There are lascivious looks, artistic looks, skeptical looks, and inquisitive looks. And women's reactions are equally varied. Depending on the look, the looker, and the circumstances they may feel uncomfortable, proud, threatened, or admired. In New York, where anonymity is easily maintained, men and women engage in a game of looks and solicitation of looks by employing a variety of non-verbal means. Though fleeting, these exchanges can achieve a surprising depth of communication, often involving "onlookers" as well. The photographer capturing these exchanges inevitably becomes a participant in this ceaseless and subtle game.


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19 August 2006, 3:30 AM

What follows is a detailed account of a scene which may be disturbing to some people. Nevertheless, the event and others like it play an important role in my experience of New York. They are a real part of the city and I feel I would be remiss to omit this account.

It is a clear, warm night and I am walking over the Williamsburg Bridge from Manhattan where an ebullient Friday night crowd is flowing out of bars and sidewalk cafes, into taxis and down subway stairs. On the bridge things are quiet and calm, but halfway across I spot something that doesn't belong: a man on the far roadway, perched on the outer railing clothed in only his underwear. The police are arriving too and blocking off the Brooklyn-bound cars.

Attempting to dissuade the man from jumping, a policeman begins to negotiate.

"If you come down now we won't touch you."

"Why are you doing this to me?"

And so on.

Neither party understands the other and as we passers-by stop and watch we have no clue as to the outcome, or to the sequence of events that brought this man, half naked, to the edge of the bridge. He is argumentative, but too coherent to be dismissed as crazy and the policeman's lines too scripted to be believable.

For most of us watching, the urge to speculate on the outcome pales in comparison to the stark sensation of being there. Our expectations can only suggest irrelevant tales from the normalcy of everyday life.

He gestures violently, cursing, pointing out the hypocrisy of the police as they set up ropes and harnesses. A boat moves into position in the water 135 feet below. Thirty cops look on, milling about, talking, smoking cigarettes. The man crosses himself.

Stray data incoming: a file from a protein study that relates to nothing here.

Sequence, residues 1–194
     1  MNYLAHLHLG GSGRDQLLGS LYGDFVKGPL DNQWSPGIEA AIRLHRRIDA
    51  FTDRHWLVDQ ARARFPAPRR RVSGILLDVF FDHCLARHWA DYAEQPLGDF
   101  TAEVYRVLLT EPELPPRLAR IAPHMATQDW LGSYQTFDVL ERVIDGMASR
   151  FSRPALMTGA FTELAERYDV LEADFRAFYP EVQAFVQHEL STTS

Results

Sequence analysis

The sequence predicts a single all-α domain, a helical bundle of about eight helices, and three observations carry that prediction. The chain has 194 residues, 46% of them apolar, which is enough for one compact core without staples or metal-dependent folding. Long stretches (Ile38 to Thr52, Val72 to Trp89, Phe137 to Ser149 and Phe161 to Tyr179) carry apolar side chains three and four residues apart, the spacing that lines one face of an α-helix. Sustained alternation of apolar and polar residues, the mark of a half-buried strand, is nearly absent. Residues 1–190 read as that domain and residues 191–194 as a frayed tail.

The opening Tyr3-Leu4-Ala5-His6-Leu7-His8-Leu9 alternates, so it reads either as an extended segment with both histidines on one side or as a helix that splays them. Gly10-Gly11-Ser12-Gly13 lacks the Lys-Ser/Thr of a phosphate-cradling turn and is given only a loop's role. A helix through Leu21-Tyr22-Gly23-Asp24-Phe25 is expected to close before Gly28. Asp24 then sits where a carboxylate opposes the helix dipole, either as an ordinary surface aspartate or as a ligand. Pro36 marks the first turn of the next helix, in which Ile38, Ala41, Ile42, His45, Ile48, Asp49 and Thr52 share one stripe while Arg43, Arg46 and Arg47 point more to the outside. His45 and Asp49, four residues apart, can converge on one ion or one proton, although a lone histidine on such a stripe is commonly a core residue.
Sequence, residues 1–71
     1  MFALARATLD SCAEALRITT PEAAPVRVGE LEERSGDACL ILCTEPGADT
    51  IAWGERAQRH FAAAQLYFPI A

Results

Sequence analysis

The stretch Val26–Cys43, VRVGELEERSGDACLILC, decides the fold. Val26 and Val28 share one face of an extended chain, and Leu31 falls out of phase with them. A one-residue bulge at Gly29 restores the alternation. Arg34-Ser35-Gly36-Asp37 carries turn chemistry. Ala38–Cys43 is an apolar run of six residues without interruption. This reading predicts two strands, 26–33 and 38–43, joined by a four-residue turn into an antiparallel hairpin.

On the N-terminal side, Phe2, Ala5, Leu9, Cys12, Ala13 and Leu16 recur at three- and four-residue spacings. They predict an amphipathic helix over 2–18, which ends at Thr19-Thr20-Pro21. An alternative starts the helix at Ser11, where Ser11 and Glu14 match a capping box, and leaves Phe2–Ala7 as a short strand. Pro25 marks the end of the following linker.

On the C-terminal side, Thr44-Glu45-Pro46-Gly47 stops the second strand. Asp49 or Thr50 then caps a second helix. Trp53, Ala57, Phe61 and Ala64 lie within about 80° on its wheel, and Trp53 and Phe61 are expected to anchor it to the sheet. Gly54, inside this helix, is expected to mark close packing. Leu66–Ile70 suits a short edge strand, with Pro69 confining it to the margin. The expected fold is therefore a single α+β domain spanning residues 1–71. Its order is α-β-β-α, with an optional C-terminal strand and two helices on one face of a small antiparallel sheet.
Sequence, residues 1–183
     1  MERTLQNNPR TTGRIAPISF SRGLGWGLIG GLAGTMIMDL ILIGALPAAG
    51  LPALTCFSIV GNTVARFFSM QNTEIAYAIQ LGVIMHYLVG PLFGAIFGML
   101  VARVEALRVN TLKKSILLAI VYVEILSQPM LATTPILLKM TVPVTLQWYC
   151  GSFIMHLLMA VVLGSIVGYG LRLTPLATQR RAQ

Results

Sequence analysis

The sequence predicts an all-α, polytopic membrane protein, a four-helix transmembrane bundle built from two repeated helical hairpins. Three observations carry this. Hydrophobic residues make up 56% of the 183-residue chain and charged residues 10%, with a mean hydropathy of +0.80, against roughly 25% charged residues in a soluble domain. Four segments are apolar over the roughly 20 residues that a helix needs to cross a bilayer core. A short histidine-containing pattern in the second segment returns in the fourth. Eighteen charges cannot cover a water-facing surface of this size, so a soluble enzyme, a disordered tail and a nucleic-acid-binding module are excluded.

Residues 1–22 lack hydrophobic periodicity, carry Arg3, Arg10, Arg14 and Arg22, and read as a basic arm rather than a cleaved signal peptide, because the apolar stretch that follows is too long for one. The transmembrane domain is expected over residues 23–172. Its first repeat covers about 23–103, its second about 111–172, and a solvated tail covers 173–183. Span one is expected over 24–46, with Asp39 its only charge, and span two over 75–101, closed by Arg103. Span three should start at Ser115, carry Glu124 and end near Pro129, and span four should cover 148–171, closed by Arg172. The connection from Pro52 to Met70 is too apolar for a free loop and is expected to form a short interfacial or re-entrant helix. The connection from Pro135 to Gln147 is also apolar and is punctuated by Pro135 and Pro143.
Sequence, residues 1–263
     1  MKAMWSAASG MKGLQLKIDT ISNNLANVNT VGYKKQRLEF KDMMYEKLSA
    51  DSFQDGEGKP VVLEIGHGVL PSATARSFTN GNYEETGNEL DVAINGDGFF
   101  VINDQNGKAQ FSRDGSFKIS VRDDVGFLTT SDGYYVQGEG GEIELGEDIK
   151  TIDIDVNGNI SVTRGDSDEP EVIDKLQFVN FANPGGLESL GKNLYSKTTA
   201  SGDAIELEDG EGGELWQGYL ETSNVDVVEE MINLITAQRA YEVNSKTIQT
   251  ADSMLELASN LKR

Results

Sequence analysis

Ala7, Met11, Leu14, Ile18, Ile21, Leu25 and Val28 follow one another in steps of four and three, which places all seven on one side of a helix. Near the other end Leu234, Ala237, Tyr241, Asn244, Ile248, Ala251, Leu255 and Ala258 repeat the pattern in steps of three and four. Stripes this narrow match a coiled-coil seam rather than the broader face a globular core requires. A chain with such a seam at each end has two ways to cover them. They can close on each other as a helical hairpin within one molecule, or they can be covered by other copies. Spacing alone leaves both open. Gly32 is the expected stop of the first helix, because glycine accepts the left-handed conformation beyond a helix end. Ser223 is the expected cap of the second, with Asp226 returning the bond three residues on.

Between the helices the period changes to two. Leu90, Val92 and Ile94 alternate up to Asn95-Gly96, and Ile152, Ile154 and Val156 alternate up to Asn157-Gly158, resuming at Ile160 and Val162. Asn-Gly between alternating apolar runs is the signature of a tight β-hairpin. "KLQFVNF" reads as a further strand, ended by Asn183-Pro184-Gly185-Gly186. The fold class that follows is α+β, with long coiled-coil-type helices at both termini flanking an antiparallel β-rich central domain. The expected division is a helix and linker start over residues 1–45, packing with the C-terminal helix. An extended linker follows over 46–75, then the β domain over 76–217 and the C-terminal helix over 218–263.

Photo series of man on railing of Williamsburg Bridge, arguing with police, eventually jumping off.

Remarkably, this is the second such event I have witnessed, or nearly witnessed, in the past three months. In early June I rode over the Queensboro Bridge on my bicycle just moments after a man had jumped off. He had chosen a spot right next to some construction workers by the Queens-side tower and so he lay atop a heap of rubble on the ground below. Wondering if my experience was unusual, I went searching for some numbers.

Apparently the police do not keep track of how many people jump off New York City bridges,1 but over the past five years there have been approximately 1.3 suicides per day in New York City. (The annual rate of around 5.5 per 100,000 residents is among the lowest of all U.S. cities.2) Generally speaking about 2% of all suicides are by jumping3 (though we may think there are more because of the news coverage they receive) and so my extremely rough estimate, based on 475 suicides annually and a study of some popular bridges outside of New York,4 is that there are around 10 successful (deadly) jumps from New York City bridges per year.

Regardless of numbers, such an event transforms its witnesses. On August 19th, strangers who shared the experience and heard the sound of the body speak about it as if friends. The event makes us amiable and contemplative as we walk slowly and introduce ourselves. Among New Yorkers there is a strong tendency to shake things off and keep moving, but the chance extraordinary event can force us to notice our common experience and sensitivity, under the armor.

Sources
  1. ^ Arnow, Pat. "Drowning and Rescue in New York." Gotham Gazette. July 2006. Viewed 2 September 2006. [web site]
  2. ^ "America's Most (and Least) Stressful Cities." Sperling's Best Places. January 9, 2004. Viewed 2 September 2006. [web site]
  3. ^ "Suicide Statistics." PreventSuicideNow.com. 2001. Viewed 2 September 2006. [web site]
  4. ^ Gunnel, David, et al. "Suicide by Jumping: Is Prevention Possible?." Suicidologi. 2005, Vol. 10, No. 2. Viewed 2 September 2006. [PDF]